Are these statements always true, sometimes true or never true?
I added together some of my neighbours' house numbers. Can you explain the patterns I noticed?
Look at what happens when you take a number, square it and subtract your answer. What kind of number do you get? Can you prove it?
Four of these clues are needed to find the chosen number on this grid and four are true but do nothing to help in finding the number. Can you sort out the clues and find the number?
Are these statements relating to odd and even numbers always true, sometimes true or never true?
Look at three 'next door neighbours' amongst the counting numbers. Add them together. What do you notice?
Find some triples of whole numbers a, b and c such that a^2 + b^2 + c^2 is a multiple of 4. Is it necessarily the case that a, b and c must all be even? If so, can you explain why?
Make a set of numbers that use all the digits from 1 to 9, once and once only. Add them up. The result is divisible by 9. Add each of the digits in the new number. What is their sum? Now try some. . . .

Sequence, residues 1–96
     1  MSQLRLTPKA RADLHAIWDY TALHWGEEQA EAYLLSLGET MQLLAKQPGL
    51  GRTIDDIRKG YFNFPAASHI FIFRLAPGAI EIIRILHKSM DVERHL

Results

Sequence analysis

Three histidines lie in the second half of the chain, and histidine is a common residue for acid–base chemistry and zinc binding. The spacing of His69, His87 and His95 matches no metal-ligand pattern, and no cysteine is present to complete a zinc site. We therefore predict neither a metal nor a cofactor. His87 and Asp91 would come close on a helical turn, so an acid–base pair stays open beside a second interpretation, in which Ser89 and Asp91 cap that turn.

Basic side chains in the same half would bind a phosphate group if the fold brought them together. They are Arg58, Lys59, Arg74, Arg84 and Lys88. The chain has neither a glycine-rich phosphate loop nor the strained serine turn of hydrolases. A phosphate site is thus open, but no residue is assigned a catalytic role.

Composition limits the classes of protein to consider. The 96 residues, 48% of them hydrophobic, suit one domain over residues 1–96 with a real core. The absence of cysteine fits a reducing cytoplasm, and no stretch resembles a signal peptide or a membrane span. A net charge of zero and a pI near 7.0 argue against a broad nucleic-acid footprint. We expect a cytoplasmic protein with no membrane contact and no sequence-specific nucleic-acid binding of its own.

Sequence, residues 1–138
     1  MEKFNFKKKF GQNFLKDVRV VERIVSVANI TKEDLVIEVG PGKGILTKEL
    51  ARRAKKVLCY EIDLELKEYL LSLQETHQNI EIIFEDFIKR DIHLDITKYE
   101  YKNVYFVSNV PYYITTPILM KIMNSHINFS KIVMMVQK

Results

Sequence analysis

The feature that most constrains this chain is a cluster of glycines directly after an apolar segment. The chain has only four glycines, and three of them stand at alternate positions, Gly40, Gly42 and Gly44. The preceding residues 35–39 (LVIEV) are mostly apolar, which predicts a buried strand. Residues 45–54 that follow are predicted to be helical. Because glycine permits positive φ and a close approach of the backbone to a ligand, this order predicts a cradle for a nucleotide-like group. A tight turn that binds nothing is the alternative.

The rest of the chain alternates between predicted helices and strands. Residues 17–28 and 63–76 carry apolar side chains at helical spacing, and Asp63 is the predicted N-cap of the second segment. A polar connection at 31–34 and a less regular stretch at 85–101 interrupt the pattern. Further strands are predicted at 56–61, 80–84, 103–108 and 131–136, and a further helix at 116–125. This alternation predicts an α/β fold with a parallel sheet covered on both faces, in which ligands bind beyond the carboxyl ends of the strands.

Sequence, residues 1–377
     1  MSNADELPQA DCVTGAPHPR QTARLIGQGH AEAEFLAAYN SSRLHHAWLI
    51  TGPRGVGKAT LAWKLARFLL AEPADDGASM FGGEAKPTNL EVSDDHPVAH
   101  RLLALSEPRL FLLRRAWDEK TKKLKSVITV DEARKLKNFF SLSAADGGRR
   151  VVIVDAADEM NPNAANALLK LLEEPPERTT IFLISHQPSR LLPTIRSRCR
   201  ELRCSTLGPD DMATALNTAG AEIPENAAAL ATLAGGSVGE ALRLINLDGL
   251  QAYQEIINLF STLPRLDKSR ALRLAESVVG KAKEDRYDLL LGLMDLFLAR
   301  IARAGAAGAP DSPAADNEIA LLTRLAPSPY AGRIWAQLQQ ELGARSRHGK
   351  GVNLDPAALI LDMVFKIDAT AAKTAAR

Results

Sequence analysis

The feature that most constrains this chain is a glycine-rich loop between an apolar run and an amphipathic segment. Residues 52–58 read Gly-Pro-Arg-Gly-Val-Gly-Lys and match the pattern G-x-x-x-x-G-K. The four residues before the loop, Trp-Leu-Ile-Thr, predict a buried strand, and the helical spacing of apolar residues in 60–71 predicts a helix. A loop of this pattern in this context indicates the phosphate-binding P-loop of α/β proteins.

This article introduces the idea of generic proof for younger children and illustrates how one example can offer a proof of a general result through unpacking its underlying structure.
Can you arrange the numbers 1 to 17 in a row so that each adjacent pair adds up to a square number?
There are four children in a family, two girls, Kate and Sally, and two boys, Tom and Ben. How old are the children?
Replace each letter with a digit to make this addition correct.
Consider the equation 1/a + 1/b + 1/c = 1 where a, b and c are natural numbers and 0 < a < b < c. Prove that there is only one set of values which satisfy this equation.
In this 7-sandwich: 7 1 3 1 6 4 3 5 7 2 4 6 2 5 there are 7 numbers between the 7s, 6 between the 6s etc. The article shows which values of n can make n-sandwiches and which cannot.
Write down a three-digit number Change the order of the digits to get a different number Find the difference between the two three digit numbers Follow the rest of the instructions then try. . . .